Washington, D.C. — February 14, 2017 — Achieve today released updated college and career readiness profiles for every state along with a cross-state comparison report on K–12 and postsecondary education outcomes. These reports show that while a few states have improved their public reporting on indicators of student readiness for college and career, there is still a general lack of data transparency across states. Where states do report on these indicators, often data are not disaggregated, are not timely, and cannot be compared from year-to-year.
“Every state has prioritized the college and career readiness of its high school graduates through the adoption of higher academic standards, but too many states aren’t doing enough to monitor and report progress toward that goal,” said Michael Cohen, President of Achieve. “It’s critical that states be diligent and transparent about public reporting so that educators, families, policymakers, and advocates have the information they need to move the needle on student achievement in a meaningful way.”
The release of last year’s state profiles and cross-state reports represented the first time that these data, from publicly available sources, had been compiled to paint a picture of college and career readiness in every state. This year’s updated reports continue to show that, despite recent high-profile increases in graduation rates, too few high school graduates are prepared to succeed in postsecondary education, the military, and careers.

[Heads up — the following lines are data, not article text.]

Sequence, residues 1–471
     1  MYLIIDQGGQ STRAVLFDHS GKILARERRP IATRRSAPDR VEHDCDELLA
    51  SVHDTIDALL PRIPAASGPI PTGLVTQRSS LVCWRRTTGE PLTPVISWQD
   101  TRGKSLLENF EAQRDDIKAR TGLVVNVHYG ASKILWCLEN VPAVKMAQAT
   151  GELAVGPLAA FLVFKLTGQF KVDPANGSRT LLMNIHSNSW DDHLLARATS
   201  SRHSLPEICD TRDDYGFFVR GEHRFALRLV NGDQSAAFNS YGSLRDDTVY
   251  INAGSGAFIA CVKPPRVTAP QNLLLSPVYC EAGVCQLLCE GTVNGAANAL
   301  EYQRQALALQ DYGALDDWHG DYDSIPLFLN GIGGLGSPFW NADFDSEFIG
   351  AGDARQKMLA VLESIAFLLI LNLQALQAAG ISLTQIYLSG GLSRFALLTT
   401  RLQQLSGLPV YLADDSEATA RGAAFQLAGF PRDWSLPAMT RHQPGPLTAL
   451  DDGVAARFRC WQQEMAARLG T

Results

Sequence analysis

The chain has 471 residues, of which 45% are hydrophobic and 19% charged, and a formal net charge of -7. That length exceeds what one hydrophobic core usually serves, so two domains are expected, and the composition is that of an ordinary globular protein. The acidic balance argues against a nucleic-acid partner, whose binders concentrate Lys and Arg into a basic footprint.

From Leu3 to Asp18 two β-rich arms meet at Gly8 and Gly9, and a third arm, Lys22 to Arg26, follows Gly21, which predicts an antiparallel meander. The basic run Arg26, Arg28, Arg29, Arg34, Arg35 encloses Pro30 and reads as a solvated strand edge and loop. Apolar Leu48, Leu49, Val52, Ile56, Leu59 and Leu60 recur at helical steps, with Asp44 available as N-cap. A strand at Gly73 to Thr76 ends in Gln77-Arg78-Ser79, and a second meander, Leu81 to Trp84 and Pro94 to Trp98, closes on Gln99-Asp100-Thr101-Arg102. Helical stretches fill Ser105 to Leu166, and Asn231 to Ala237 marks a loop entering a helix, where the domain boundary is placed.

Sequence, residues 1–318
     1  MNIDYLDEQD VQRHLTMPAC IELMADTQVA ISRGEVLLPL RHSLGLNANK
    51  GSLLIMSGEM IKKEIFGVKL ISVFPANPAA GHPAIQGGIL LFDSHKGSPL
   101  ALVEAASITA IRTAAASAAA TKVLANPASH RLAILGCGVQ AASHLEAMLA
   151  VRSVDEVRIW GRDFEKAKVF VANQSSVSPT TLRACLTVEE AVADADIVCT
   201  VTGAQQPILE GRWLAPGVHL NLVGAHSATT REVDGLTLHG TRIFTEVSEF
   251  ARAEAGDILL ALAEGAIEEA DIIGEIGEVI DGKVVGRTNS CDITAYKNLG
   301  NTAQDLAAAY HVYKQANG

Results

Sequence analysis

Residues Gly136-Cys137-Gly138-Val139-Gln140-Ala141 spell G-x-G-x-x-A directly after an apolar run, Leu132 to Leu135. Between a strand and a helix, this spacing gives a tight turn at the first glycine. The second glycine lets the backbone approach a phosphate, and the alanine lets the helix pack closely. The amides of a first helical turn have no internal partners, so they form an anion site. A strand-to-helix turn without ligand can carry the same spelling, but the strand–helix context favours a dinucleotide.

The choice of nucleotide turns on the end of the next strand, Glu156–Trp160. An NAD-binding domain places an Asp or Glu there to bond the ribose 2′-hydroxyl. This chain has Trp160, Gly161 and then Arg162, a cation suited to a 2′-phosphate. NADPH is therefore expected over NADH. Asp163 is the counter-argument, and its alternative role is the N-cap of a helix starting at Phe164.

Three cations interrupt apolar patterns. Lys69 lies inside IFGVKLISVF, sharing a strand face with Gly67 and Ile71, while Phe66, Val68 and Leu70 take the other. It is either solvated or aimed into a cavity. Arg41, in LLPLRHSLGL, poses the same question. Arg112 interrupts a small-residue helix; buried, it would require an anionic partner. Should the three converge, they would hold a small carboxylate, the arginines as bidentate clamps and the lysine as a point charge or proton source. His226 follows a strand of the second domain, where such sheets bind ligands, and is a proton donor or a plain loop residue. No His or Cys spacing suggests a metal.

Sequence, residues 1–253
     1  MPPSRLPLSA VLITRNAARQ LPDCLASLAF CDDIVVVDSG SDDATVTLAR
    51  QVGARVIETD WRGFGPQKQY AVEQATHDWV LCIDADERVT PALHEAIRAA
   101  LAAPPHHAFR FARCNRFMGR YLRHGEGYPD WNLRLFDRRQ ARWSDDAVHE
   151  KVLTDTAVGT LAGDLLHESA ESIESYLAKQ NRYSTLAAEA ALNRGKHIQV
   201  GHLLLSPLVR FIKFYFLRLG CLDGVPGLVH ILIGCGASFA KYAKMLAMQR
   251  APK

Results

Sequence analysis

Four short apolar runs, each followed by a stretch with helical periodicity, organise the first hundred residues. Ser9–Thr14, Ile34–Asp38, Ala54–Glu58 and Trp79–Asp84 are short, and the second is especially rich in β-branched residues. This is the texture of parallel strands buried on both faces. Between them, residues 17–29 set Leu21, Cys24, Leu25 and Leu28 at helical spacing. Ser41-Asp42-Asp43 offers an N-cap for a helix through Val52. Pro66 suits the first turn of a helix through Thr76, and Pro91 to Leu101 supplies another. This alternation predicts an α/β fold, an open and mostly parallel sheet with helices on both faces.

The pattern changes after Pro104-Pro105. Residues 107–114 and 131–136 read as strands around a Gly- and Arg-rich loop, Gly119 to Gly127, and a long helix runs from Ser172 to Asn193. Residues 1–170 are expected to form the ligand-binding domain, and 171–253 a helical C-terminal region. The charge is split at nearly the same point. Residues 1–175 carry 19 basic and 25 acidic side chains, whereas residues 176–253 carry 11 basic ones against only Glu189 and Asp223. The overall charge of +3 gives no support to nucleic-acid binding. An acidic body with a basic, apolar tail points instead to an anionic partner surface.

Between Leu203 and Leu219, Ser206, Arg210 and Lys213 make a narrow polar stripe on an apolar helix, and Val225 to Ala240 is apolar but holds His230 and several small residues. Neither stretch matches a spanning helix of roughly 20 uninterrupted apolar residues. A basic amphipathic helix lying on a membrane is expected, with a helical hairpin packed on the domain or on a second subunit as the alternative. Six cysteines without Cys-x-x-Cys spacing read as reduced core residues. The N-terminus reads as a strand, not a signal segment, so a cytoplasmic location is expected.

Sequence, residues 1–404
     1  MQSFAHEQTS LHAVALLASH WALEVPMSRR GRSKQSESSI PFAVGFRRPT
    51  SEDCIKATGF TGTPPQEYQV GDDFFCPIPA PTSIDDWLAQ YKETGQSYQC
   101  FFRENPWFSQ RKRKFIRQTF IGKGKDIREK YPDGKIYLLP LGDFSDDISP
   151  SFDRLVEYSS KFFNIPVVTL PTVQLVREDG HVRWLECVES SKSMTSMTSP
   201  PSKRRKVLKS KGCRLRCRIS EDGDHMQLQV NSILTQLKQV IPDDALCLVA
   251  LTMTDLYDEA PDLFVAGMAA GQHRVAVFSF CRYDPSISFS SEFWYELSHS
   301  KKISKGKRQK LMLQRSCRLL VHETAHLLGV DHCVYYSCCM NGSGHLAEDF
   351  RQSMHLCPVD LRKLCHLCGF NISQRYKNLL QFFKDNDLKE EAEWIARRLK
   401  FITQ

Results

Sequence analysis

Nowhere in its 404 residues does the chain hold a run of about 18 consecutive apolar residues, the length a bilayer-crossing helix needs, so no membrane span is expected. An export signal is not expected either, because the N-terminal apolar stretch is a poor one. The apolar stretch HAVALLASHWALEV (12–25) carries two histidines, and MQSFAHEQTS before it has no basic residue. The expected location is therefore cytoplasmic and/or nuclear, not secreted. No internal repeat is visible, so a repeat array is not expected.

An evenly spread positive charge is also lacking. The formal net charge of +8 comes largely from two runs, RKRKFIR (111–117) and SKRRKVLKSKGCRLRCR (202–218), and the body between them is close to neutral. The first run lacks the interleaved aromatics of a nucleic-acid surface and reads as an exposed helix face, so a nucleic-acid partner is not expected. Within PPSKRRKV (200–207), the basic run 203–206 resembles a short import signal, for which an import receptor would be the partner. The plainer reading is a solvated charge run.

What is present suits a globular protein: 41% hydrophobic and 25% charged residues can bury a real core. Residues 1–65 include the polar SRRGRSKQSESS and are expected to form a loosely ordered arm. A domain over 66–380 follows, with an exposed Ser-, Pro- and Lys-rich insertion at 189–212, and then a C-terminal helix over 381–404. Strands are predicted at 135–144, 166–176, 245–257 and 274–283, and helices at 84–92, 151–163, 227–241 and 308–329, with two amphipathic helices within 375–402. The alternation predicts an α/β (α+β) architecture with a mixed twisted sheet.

This year’s reports also show that some states have made progress in their public reporting on a number of college and career readiness indicators. Alabama and Ohio have added the greatest number of indicators to their public reporting. Four states (Delaware, Kentucky, Maryland, and Nevada) report state-level data for at least eight indicators, while six others report state-level data for seven different indicators of readiness. Many states, however, still have a long way to go, particularly in their reporting of disaggregated subgroup data. Without disaggregated data, reporting can hide nuances of differences in student performance among different groups – for example, of low-income and minority students. As an example, just nine states report data on whether students are on track to graduate, and only three of those break the data down by subgroup.
“State leaders, partners, advocates, and the public should continue to push for greater transparency and use that data to examine trends and determine whether policy and practice decisions are producing the desired results,” said Cohen.
The cross-state comparison report and the 51 state performance profiles are available on Achieve’s website.